In anticipation of the pumping down of the refrigeration system, the retainer 118 of the pump down head 52 is secured and tightened about the end section 78 of the hollow operating shaft 48 using the set screw 120. When coupled, a composite bore extends from the tool service port 66 into the interior of the inner inflatable balloon 132, thereby allowing the balloon 132 to be inflated by an external source of gas applied to the tool service port 66. After the pump down head 52 is appropriately secured to the operating shaft 48 (FIG. 9), and with the resilient valve member 96 of the shut-off valve assembly 90 remaining in the closed position, the pump down head 52 is guided as far as possible into the longitudinal passageway 18 of the body member 12 (FIG. 10). Following the insertion of the pump down head 52, the access cap is secured over the second end portion 16 of the body member 12. The inflatable balloon member 126 is subsequently inserted into the liquid line 104 through the decored Schrader valve 22 after the resilient valve member 96 is withdrawn from the longitudinal passageway (FIG. 11). It should be noted that the inflatable balloon member 126 remains in a deflated state at this point in the pump down procedure.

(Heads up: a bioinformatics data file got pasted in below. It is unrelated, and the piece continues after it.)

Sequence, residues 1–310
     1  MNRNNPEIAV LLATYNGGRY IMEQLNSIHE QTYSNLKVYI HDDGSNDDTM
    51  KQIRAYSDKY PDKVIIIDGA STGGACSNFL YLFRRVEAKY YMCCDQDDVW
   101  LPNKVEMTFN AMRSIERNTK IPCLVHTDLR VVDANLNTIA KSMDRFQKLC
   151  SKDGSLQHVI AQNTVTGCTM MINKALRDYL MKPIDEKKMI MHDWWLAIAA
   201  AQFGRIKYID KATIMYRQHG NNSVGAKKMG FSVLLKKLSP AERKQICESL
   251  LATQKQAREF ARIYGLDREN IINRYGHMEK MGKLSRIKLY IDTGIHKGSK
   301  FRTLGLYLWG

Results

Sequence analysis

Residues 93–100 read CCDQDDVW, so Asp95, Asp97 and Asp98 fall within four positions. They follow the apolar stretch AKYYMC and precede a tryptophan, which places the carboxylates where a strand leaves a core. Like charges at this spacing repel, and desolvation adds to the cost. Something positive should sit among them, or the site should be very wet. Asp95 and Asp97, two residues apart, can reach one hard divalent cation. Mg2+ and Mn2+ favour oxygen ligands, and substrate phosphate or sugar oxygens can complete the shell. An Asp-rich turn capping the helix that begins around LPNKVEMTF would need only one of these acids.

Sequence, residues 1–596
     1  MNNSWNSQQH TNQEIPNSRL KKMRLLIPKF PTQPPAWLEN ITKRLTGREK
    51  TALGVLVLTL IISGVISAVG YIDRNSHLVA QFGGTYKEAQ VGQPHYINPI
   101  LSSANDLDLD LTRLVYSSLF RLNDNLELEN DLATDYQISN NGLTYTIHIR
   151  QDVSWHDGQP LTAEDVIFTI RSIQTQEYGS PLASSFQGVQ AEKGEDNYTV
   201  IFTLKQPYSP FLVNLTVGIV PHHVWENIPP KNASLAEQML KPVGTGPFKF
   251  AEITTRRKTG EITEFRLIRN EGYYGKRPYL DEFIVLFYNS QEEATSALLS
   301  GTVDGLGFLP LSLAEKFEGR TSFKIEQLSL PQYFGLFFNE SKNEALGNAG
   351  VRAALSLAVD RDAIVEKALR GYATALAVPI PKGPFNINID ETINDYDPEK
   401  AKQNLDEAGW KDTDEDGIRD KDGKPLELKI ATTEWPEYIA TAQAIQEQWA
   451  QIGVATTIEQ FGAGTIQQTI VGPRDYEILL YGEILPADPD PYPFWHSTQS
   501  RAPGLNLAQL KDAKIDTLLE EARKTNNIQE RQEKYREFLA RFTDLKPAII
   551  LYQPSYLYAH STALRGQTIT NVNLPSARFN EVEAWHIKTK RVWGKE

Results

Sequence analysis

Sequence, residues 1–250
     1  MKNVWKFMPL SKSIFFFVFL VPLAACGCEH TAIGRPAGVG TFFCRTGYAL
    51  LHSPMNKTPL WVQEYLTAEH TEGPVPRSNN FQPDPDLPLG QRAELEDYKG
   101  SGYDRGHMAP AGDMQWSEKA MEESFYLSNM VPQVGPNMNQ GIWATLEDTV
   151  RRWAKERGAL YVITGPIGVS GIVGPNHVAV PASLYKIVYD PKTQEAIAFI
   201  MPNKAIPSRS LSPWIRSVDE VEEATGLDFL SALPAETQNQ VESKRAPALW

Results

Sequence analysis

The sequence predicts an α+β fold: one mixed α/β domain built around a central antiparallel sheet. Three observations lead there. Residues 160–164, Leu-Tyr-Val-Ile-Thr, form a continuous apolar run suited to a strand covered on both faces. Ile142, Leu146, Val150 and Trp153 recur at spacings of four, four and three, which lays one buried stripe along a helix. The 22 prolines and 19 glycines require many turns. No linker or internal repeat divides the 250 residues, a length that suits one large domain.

The inflatable balloon member 126 is inflated by connecting an external source of gas to the second end portion 74 of the tool service port 66. When the supply valve on the source of gas is opened, gas flows into the inflatable balloon member 126 after passing through the bores 50 and 128 of the hollow operating shaft 48 and the pump down head 52, respectively, thereby inflating the inflatable balloon member 126 and closing off the liquid line 104. Following the closure of the liquid line 104, the power to the refrigeration system 26 is turned on, and the refrigerant within the liquid line 104, indoor coil 108 and suction line 106, downstream from the now inflated balloon member 126, is pumped down into the condensing unit 100.

The compressor actuated evacuation of the liquid line 104, indoor coil 108 and suction line 108 is continued until the refrigerant pressure therein reaches zero, indicating that all of the refrigerant within this section of the refrigeration system has been captured within the condensing unit 100. Thereafter, the power to the refrigeration system is again disconnected, confining the refrigerant within the condensing unit 100, thereby allowing a service technician to access and repair the line set and indoor coil without any deleterious loss of refrigerant.